Sunday, January 28, 2007


When Bishops, a generation after Hobbes's death, almost naturally spoke the language of the state of nature, contract and rights, it was clear that he had defeated the ecclesiastical authorities, who were no longer able to understand themselves as they once had.

-- Allan Bloom, The Closing of the American Mind, pp. 141-42

Jay Rogers, the Christian Reconstructionist from my previous posts, and I have been cordially exchanging emails. His info seems to confirm what I already knew: except for Gary North, all of the other major figures in that movement argue that "theonomy" is completely in line with Founding principles and they otherwise swallow hard the "Christian America" thesis.

I find this ironic because I always considered CRs to be the most "literal" of the fundamentalists who argue for the "purest" reading of the Bible, even willing to defend those "scary" verses that other evangelicals argue are no longer relevant in today's day and age. (And yes, I know I have conservative evangelical and Catholic readers who think the CRs' reading of the Bible to be unsound).

As I've learned in the email exchange, their embrace of the "Christian Nation" thesis arguably has diluted the "purity" of their reading of the Bible. Mark Noll, the premier evangelical scholar once noted, similar to the above quotation by Bloom, "In 1700 religion had been an 'exporter' of ideas and behavior patterns to American society; by 1800 it was an 'importer.'" Reconstructionists and Christian America advocates argue that even men of the Enlightenment like Jefferson and Franklin were influenced by the "Biblical worldview." And while that is true to some qualified extent, the converse, suggested by Bloom and Noll, is likewise true: that even "men of the Bible" -- the orthodox Christians -- were influenced by "Enlightenment" ideas.

Contra the claim that it was the "Great Awakening" that sparked off the American Revolution, the leading clergy preaching "patriotic" sermons -- Mayhew, Chauncey, Gay, and West -- were theological opponents of Edwards and his Great Awakening. Arguably, as theological unitarians, they weren't "Christians" at all. By 1776 unitarianism, universalism, and Arminianism were already firmly entrenched in the New England Clergy. And Calvin's influence had begun to wane. These "enlightened" preachers, like our key Founders, elevated man's reason over revelation and otherwise took a cafeteria approach to the Bible, especially when they argued, contra Romans 13, for a right to revolt.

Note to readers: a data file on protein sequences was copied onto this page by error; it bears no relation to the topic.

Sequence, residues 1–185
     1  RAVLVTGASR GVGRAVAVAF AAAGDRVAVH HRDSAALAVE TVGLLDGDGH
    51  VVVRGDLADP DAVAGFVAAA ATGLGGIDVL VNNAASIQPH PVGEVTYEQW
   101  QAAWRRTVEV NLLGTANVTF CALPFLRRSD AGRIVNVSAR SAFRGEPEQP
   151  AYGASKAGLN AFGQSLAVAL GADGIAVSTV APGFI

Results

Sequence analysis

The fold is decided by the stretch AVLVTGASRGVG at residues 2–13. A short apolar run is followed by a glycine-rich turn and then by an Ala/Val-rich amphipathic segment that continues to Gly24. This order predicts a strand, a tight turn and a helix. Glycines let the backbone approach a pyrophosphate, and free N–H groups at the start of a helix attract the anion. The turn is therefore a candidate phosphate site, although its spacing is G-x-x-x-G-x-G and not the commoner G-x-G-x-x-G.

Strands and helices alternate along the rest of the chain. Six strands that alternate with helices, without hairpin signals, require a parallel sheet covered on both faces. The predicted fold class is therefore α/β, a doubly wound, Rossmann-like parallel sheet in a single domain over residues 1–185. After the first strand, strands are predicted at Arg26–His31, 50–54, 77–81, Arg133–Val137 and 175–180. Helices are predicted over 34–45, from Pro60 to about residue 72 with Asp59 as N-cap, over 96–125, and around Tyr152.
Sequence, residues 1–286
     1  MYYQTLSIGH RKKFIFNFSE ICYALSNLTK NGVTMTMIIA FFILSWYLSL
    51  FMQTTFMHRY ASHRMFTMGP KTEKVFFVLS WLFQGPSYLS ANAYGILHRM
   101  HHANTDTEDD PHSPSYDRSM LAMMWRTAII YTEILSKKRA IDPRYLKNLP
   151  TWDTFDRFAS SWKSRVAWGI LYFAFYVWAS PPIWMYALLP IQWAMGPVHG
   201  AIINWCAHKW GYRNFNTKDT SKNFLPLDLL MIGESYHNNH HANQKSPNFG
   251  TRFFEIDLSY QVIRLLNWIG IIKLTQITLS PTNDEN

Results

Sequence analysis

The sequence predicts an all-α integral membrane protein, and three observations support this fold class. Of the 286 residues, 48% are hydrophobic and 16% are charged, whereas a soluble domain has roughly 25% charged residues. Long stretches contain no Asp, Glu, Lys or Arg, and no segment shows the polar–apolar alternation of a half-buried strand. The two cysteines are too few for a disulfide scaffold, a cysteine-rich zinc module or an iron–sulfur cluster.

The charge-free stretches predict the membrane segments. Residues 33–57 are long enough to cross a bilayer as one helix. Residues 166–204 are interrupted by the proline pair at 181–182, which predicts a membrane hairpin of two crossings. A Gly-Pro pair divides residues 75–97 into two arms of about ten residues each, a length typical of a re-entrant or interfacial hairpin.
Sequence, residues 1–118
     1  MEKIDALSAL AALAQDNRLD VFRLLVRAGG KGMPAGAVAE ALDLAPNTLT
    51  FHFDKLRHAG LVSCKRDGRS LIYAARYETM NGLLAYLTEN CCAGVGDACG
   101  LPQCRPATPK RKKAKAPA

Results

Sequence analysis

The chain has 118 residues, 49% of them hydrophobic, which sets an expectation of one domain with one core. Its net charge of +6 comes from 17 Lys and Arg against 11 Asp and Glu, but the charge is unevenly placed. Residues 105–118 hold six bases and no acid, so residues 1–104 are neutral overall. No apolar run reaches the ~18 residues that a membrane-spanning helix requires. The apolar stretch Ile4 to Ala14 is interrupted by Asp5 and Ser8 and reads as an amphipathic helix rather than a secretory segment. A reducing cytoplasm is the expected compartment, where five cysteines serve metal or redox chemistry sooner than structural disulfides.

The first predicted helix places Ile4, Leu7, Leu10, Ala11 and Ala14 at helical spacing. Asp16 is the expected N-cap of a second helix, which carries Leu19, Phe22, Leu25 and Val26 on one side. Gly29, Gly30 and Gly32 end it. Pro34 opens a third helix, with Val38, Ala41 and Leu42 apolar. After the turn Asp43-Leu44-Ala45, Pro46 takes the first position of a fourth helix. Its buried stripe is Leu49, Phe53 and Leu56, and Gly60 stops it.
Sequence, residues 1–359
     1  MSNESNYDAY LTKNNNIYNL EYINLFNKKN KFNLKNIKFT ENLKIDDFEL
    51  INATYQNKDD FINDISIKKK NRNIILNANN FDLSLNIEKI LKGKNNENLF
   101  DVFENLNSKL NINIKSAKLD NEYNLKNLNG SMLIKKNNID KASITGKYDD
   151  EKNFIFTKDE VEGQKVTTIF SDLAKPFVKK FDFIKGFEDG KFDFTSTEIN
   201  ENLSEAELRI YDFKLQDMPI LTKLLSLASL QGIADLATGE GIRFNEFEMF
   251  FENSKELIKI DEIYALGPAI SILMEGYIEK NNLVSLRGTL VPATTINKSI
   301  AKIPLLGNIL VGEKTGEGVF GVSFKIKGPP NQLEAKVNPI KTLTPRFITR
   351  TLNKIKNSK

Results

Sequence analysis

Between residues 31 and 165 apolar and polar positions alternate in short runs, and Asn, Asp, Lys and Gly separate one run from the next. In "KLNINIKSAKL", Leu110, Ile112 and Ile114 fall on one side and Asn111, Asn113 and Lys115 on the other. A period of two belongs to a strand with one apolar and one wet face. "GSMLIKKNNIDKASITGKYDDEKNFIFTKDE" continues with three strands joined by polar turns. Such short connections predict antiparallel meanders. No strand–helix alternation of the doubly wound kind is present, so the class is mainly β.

One orthodox Christian committed to defending the notion that a right to revolt is "Biblical" told me that even if Mayhew et al. weren't "Biblical" in their unitarianism, their sermons on the right to revolt were (hence, Mayhew and company were "Biblical" in their worldview). I argued, again, we could view the issue conversely. Calvinism and Christian orthodoxy, though on the wane in New England by 1776, certainly weren't dead. And some/many notable patriotic Whig preachers were traditional orthodox Christians and Calvinists. Ezra Stiles comes to mind. Samuel Langdon (I'm still reading up on him) was also a notable patriotic preacher and I think an orthodox Christian. Yet, Stiles and Langdon likewise "imported" Enlightenment philosophy not only into their patriotic preaching but into their readings of the Bible itself.

Mr. Rogers, while attempting to argue that the Founders modeled our government on Biblical principles, seems to endorse wholesale the contents of Samuel Langdon's sermon entitled THE REPUBLIC OF THE ISRAELITES AN EXAMPLE TO THE AMERICAN STATES. From the title alone we should see a problem with the soundness of Langdon's sermon as the Ancient Israelites did not have a Republic. This sermon, while sounding very nice, constitutes a mythic account of the Ancient Iraelites, not at all supported by the text of the Bible. In short, even orthodox Christians could, like the unitarians whose specialty was an unorthodox/cafeteria biblical hermeneutic, play "fast and loose" with biblical texts to fit their Whig-republican propaganda. Nothing in the Bible suggests that the Israelites as "a people" consented to the Kings or elders that God unilaterally put in charge to rule over them. Though, this is exactly what patriotic preachers like Langdon argued.

As I noted to Mr. Rogers, of course, in a nation with many orthodox Christians and where the Bible was important, and given the natural religious impulse in man, the revolutionaries would argue that God/the Bible was on their side. The anti-revolutionary Tories also had preachers on their side and without question their "literal" interpretation of the Bible was as sound if not sounder than the Whig/republican interpretation.

Arguably, this importing of "a-Biblical" Enlightenment philosophy into the Bible constituted an "abuse" of the Bible. And one would think that Christians devoted to a "pure" reading of the Bible would reject it.

1 comment:

Jim Babka said...

Jon, you wrote, Nothing in the Bible suggests that the Israelites as "a people" consented to the Kings or elders that God unilaterally put in charge to rule over them.

That's incorrect. See I Samuel 8, a libertarian favorite -- one of the selections featured by David Boaz (of Cato) in his book, "Libertarianism: A Primer."